My current live rig is based around an Apple Mac Mini running Mainstage and various software/virtual instruments as well as a Yamaha XS7 and Yamaha P155. I control Mainstage and the VIs from the two ‘boards, all audio being handled by a dedicated USB audio interface/mixer.
Like many, ahem, older keyboardists, I was a bit skeptical of software instruments having cut my teeth on original analog gear then a succession of dedicated hardware synths over the years.
In around 2012 I realised that my logic was really a bit flawed – any contemporary synth has some amount of firmware/software involved – so a carefully put together and dedicated computer should be just as fit for purpose as a modern hardware synth. Touch wood, the system has proven to be rock solid after a couple of years or so and a few dozen gigs. I should add that a lot of research led me to the particular hardware configuration – in that regard I follow in the footsteps of others :)
Specifics – Hardware
Computing duties are handled by a “Mac mini (late 2012)” as Apple rather unimaginatively refer to it. It’s not quite off the rack – it has the fastest available CPU option making it a build to order. Configuration as used then is;
- Mac mini (late 2012)
- 2.6 GHz Quad core i7 CPU
- 16GB RAM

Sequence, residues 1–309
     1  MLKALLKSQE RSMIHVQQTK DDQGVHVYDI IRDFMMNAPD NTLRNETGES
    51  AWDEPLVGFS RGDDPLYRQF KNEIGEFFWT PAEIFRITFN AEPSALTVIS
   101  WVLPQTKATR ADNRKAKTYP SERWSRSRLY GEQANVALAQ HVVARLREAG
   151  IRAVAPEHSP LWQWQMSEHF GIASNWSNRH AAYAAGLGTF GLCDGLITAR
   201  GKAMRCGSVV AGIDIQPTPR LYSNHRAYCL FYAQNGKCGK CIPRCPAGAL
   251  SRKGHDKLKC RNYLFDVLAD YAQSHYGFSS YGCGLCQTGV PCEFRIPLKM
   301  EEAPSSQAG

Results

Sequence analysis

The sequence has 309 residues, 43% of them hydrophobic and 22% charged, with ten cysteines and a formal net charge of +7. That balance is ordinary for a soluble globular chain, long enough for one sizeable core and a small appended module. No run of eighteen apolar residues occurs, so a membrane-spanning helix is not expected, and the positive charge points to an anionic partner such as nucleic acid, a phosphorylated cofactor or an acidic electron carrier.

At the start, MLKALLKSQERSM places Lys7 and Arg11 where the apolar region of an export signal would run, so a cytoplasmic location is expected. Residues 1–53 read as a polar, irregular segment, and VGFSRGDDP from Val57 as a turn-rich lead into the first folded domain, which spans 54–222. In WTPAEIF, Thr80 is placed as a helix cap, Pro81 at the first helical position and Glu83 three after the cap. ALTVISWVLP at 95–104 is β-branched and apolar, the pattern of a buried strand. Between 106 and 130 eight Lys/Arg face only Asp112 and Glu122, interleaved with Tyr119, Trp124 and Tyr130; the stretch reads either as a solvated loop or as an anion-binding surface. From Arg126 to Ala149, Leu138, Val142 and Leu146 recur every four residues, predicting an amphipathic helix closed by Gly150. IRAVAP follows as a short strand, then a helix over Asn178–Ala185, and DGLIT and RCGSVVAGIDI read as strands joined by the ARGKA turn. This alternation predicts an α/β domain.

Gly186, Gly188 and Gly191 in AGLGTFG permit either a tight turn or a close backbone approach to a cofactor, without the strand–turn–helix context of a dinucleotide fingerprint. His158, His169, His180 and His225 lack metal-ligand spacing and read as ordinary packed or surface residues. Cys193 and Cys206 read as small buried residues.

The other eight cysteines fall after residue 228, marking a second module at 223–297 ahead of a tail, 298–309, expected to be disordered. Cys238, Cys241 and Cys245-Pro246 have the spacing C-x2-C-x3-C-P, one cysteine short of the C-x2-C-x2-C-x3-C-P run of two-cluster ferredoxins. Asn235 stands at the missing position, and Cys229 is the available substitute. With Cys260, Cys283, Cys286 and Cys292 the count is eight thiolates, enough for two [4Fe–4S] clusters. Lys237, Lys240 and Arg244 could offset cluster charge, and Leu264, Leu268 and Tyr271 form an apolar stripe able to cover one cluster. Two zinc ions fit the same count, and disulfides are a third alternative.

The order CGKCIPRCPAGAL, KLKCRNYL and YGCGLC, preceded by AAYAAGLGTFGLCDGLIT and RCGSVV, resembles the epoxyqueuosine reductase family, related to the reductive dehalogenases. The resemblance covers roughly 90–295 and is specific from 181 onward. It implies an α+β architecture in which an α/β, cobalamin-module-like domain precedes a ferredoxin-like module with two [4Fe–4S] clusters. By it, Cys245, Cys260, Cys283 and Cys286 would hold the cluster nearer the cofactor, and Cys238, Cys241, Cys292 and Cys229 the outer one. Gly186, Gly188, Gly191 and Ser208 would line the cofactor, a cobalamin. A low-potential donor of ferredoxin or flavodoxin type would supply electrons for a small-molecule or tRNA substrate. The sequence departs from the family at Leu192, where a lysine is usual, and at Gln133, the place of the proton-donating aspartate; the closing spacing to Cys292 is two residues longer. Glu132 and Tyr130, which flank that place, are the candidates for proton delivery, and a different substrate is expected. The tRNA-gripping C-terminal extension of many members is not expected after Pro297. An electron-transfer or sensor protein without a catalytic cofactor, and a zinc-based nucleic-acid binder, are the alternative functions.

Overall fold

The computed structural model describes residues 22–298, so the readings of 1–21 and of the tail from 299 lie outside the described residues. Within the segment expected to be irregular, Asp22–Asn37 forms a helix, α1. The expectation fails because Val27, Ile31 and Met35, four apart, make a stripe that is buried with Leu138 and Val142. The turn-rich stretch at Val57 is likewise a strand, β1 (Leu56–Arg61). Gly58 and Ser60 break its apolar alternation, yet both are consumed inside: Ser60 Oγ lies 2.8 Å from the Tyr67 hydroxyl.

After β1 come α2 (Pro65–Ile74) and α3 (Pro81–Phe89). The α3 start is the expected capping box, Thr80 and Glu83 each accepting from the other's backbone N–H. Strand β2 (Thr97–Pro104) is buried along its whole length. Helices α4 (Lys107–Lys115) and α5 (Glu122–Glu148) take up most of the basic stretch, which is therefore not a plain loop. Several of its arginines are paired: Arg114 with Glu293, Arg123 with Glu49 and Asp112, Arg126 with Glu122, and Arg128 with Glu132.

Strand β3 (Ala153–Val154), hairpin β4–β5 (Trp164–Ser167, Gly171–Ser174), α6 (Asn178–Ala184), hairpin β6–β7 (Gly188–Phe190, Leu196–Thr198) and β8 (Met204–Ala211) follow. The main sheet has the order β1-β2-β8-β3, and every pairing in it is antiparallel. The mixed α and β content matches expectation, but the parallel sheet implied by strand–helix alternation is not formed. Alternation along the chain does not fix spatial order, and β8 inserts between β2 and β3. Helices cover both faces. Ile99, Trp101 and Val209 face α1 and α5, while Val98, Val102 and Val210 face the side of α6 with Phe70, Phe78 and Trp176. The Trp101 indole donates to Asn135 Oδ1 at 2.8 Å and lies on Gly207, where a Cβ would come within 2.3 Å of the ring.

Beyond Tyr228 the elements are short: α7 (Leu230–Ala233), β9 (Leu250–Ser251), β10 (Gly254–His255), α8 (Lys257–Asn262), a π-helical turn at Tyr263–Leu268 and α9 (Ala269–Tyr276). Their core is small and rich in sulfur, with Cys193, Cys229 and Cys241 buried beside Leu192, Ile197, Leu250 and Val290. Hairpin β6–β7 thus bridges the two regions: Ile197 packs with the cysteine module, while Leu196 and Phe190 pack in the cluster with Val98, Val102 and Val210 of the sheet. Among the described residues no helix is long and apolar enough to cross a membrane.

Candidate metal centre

- Sandisk Extreme II 480GB SSD
At the time of writing I’m using Mavericks – I’ve not yet moved this machine to Yosemite, but may do in the future once it’s reliability for music applications is clearer. My backup is sounds from the XS7 and P155 should the Mac have a bad day.
Specifics – Soft Instruments
For better or worse being something of a gearhead I do change my rig around from time to time.
- March 2016 – Swapped out the MOTU Micro Express MIDI interface for a iConnect MIDI Connect4+ The latter give me more flexible routing, doesn’t require special drivers (which were at time problematic on the MOTU) and it can charge an iPad directly – something I’ll want to make use of in the future when I integrate an iPad as a control surface.
- December 2015 – Bought a secondhand Yamaha XS7 to use instead of the Kronos X 61. Kronos definitely has better sounds – a different league frankly, but I -love- the extra octave on the ‘7 and since it’s mostly used as a controller, the sounds are less of an issue. Downside – I do prefer joysticks to wheels on the pitchbend/mod front. If only Korg had done the 76/73 note Kronos as a semi weighted!